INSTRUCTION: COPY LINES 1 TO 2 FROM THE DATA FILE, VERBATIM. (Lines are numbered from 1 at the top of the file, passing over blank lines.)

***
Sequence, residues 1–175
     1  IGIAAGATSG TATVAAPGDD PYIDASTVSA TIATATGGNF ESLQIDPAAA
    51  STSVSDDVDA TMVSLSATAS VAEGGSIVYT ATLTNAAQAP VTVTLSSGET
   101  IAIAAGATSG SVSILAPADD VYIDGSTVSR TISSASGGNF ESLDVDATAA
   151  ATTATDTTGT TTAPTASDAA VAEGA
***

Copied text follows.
Sequence, residues 1–175
     1  IGIAAGATSG TATVAAPGDD PYIDASTVSA TIATATGGNF ESLQIDPAAA